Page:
Scientists working on smart material for ALH
Scientists at the Indian Institute of Science and public sector aircraft maker Hindustan Aeronautics Limited (HAL) are working on a way to reduce vibrations in the advanced light helicopter (ALH) using smart materials.
The project, funded by HAL, aims to build an “active trailing edge flap” and a “controller” that will make the flap, mounted on the aircraft’s rotor blades, respond in such a way to the aircraft’s vibrations that they will be reduced.
Reducing vibrations, apart from making the flight more comfortable for passengers, puts less strain on the aircraft’s structures, making them durable.
HAL’s Rotary Wing Research and Development Centre is collaborating with IISc’s department of aerospace on the Rs 6 crore effort.
IISc’s scientists said there are five different parts of the project. “Some of them are at the fabrication and prototype stage, at both the institute and HAL, following which there will be wind tunnel and other tests. Others need more work. An initial prototype, to demonstrate the concept, will be ready in two years. After that, to actually build an ALH-ready system that can get certification will take till 2010.”
The controller is a box, with hardware and software in it, taking inputs from all over the helicopter on its natural vibrations. It will then send out instructions to actuators, little motors, that will drive the flap.
“We use piezoelectric materials (substances that change structure in response to an electric current) to build the actuators. Mounted on the rotor blades, the flap will try to imperceptibly twist the blades in such a way as to oppose the deflection caused by the natural vibration of the helicopter and so reduce it, even as the aircraft is in full flight,” the scientists explained. The technique is called independent blade control.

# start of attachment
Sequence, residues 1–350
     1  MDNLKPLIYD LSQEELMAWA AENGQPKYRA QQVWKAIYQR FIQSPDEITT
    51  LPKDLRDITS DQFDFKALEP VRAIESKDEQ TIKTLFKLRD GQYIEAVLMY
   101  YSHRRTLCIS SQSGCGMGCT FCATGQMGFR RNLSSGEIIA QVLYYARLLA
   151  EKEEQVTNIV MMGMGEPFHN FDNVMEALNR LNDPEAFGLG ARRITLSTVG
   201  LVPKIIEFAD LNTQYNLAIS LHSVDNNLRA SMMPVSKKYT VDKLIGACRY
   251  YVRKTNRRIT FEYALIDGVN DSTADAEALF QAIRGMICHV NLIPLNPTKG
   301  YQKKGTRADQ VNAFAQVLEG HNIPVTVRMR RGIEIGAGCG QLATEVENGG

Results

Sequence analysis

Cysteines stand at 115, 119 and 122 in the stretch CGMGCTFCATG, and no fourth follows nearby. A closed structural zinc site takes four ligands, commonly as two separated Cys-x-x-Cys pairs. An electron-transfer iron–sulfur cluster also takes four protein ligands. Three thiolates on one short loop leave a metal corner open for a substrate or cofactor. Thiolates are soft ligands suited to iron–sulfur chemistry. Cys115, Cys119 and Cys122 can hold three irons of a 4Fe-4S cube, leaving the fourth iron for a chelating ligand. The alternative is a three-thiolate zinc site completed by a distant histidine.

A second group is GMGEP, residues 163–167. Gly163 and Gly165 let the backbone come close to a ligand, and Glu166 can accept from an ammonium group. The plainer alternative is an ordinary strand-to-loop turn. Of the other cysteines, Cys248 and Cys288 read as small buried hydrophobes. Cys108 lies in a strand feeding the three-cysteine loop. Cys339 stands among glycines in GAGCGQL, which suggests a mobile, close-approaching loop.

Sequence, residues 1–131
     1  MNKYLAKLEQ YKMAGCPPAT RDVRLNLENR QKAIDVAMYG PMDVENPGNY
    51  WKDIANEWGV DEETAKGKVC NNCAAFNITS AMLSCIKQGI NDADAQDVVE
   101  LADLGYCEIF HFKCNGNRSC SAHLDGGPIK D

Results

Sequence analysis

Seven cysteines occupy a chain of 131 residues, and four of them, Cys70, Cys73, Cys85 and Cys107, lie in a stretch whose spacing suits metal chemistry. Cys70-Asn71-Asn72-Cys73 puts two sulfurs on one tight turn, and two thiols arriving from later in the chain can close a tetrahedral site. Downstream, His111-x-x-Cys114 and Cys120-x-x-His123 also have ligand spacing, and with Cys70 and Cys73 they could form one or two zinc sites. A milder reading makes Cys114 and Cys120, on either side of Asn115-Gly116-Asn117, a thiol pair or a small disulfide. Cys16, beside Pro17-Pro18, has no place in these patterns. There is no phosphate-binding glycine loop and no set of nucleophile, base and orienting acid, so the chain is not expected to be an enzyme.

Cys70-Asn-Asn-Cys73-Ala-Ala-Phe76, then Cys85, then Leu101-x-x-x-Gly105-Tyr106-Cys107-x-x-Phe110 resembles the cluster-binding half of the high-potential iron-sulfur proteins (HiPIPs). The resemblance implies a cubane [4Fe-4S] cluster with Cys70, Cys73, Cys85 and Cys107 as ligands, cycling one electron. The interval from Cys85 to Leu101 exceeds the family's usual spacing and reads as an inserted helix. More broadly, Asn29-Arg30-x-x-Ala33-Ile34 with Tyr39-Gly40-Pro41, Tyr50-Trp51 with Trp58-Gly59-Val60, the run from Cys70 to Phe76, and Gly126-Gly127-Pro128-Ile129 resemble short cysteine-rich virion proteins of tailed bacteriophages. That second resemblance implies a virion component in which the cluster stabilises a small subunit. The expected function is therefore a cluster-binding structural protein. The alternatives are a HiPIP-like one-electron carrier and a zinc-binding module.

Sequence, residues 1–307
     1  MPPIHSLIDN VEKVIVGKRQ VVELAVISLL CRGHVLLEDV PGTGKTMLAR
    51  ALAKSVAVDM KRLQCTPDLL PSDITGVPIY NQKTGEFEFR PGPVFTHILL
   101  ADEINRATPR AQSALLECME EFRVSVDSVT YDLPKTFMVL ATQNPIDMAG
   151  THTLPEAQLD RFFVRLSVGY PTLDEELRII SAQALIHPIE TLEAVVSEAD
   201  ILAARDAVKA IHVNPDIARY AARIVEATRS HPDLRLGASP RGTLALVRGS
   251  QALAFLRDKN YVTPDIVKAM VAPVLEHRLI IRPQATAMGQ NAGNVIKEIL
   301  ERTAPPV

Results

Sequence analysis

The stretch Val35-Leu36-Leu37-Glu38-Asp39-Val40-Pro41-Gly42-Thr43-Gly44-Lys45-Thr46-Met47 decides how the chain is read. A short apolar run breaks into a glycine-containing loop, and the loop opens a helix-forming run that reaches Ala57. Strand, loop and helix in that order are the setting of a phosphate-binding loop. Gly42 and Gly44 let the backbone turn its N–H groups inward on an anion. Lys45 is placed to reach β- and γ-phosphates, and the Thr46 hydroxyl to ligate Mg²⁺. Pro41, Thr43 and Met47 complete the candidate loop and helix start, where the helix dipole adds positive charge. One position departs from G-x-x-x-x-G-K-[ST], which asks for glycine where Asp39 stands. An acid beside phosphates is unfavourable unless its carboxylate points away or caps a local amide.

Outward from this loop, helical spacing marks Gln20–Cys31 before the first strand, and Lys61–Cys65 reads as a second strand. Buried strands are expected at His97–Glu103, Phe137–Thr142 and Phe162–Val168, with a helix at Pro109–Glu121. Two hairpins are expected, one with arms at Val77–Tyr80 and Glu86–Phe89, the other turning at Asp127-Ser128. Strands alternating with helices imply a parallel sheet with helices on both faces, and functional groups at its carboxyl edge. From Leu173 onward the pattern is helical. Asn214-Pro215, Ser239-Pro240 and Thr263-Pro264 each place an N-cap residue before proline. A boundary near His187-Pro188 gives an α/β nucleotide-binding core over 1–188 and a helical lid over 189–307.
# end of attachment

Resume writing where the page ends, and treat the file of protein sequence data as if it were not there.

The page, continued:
In theory, these materials, either “surface mounted” or “embedded” in the rotor blades, can twist the blades by up to two degrees, reducing vibrations by up to 60 per cent. There are hurdles, of course. Helicopters are subject to unsteady aerodynamics as they use their rotors for both lift and thrust (moving forward).
They also work in environments of high (electronic and/or electrical) noise. The software programmes in the controller must then be robust enough to handle measurements made in such environments.
Further, much work was needed on the operational capability of the smart materials themselves - on their fatigue tolerance, for instance. Finally, repeated flight tests will be required to show that the system was both effective and safe.
Similar work is going on in other parts of the world and some scientists are trying variations of the independent blade control.
For instance, a research team in Canada published a paper in the Journal of Intelligent Material Systems and Structures last year, on a “smart spring” they are building, for “active vibration control of helicopter blades”.
They found, the researchers C Yong et al say, the piezoelectric actuator based control had its limitations and the smart spring was a way to do better.
Work at the IISc-HAL combine too may evolve as such projects often do. Success will mean not only a superior aircraft, more attractive to overseas buyers, but also 100 per cent indigenous know-how in this area — far more important in the long run.
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